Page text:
It’s a “hard” environment of an intangible kind yet just as palpable as the physical version.
Stepping away from an emotional rollercoaster, we typically feel confused, undermined, destabilized, beaten up, defeated, and perhaps eager to mentally and/or physically quit.
It’s a wild ride, alright. Intense — in a bad way. Some of the worst I’ve ever experienced.
Note to self — EmotiCoaster: Bad.
Emotional Leadership: We Are What We Engineer
Generally speaking, emotional rollercoasters are designed by amateurs. (Although some are impeccably engineered by masters of manipulation, and that’s a separate and very serious issue.)
People board them initially unaware of what they’re in for. If they continue to hang in there, it’s usually because they feel trapped, not because they’re enjoying the ride.
I’ve ridden emotional rollercoasters, and I must admit that I’ve unwittingly engineered a few. As a young leader, I was an “amateur” in this respect. I didn’t know how to take a smooth ride, much less design one for others to get on board with.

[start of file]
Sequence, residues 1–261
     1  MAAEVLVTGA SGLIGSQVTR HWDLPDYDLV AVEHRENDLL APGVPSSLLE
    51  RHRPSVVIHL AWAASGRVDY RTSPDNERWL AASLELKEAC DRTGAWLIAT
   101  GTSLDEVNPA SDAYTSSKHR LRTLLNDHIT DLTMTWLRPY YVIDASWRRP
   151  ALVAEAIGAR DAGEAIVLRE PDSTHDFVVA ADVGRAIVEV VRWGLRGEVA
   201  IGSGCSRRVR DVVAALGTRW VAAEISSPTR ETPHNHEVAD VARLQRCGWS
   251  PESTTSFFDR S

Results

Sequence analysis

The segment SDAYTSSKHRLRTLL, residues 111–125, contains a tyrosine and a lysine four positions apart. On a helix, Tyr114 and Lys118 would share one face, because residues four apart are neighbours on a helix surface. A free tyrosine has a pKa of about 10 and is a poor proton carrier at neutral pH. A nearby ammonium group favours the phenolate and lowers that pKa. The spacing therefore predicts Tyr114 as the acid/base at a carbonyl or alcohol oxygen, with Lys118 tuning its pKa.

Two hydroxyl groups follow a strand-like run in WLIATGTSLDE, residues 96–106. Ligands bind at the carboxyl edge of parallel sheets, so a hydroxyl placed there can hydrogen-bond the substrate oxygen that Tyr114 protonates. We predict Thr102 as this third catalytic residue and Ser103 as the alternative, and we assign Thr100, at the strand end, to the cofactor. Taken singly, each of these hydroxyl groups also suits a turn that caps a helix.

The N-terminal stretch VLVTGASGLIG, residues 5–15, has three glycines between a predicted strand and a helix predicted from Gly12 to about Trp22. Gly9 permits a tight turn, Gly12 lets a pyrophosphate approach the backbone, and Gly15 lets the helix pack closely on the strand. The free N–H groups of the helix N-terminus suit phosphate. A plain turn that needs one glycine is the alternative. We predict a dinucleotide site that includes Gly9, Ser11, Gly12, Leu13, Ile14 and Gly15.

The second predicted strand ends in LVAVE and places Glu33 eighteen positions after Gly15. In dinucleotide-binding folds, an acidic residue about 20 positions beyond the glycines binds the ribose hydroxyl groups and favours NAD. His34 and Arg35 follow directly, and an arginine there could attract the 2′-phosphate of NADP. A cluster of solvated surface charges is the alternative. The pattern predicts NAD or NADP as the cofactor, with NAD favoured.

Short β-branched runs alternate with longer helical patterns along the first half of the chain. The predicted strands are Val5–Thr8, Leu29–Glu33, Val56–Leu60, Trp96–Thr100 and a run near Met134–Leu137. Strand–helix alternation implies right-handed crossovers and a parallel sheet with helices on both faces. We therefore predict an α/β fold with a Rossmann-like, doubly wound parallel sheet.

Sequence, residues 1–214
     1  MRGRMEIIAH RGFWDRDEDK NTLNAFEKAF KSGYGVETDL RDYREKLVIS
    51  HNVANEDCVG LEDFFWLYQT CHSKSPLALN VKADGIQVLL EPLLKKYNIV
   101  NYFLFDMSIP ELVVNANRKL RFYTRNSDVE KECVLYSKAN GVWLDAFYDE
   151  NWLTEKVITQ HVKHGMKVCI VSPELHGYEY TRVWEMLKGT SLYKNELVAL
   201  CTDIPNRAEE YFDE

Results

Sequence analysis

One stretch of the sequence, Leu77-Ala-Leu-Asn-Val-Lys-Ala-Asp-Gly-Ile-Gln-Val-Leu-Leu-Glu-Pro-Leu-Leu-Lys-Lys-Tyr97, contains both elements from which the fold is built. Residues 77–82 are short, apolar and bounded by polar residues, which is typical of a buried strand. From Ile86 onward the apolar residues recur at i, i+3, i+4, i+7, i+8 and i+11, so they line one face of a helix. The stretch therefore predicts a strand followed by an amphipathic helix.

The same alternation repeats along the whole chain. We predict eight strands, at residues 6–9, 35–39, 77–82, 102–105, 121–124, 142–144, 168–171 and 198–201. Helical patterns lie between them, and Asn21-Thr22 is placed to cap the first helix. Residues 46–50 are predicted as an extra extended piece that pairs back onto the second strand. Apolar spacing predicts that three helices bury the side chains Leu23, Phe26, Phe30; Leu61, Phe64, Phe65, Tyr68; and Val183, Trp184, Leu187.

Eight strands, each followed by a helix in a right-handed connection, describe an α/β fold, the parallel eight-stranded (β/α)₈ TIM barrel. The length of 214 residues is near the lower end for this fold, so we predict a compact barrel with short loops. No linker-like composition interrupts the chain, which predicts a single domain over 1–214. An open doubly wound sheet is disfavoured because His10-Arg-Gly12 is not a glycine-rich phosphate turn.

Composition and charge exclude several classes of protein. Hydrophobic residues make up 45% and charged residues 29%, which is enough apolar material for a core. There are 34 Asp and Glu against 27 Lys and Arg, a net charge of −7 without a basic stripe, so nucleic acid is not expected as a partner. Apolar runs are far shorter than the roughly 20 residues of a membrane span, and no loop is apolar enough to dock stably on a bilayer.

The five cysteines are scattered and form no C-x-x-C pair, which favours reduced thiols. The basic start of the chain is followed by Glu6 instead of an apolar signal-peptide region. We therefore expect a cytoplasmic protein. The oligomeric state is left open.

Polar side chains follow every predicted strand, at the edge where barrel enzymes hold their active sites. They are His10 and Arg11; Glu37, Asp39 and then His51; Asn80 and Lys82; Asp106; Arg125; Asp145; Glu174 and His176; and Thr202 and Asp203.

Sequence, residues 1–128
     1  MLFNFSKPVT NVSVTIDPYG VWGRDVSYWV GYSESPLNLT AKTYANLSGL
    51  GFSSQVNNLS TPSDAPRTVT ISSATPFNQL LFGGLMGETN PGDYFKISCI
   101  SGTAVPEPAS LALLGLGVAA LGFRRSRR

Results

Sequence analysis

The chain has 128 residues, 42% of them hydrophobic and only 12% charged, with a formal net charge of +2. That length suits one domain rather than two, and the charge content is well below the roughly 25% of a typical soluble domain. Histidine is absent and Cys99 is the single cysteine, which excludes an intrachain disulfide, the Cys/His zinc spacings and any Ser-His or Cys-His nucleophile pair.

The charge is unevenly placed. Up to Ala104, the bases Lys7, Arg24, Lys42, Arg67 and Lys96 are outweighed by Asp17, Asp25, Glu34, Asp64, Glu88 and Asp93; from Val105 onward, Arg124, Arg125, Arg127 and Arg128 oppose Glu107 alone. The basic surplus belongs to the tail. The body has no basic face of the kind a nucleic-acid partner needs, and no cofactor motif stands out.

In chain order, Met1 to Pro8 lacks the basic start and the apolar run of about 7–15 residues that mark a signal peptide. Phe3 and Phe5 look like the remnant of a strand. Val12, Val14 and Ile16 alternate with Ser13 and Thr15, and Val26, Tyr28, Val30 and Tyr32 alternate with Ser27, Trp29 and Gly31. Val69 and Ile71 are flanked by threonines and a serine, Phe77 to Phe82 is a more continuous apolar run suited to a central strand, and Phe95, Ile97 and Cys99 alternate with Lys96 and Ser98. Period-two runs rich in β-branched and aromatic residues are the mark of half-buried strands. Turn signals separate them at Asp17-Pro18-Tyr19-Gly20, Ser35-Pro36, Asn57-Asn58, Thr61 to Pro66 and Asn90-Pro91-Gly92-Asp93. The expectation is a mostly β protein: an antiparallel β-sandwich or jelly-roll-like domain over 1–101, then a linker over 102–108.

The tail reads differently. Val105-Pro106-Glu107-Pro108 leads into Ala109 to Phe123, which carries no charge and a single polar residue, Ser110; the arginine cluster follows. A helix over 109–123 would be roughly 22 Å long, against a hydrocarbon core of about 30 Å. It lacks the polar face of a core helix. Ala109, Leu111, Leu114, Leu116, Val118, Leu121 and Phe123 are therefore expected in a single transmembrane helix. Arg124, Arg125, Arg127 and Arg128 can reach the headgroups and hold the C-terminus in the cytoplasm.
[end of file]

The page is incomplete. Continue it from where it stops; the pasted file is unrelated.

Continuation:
By nature, I was wired for speed, impulse and reactivity; fueled by adrenaline; always braced for a hard-core experience. As a natural hot-head, I had a tendency to fly off the handle. I thought nothing of pulling the trigger on what I call verbal bullets and bombs. And then it never failed: Shooter’s remorse fired back with twice the impact. I felt guilty; I may have been unfair or hurtful to my unwitting “target”; and whatever the issue was still remained, now further complicated by compound injury.
I had no idea how — or why — to manage stress effectively, so I’d let it build to the boiling point and blame others when the lid blew.
Emotional immaturity made me my own worst enemy. Not a good dynamic for a “leader” of anything.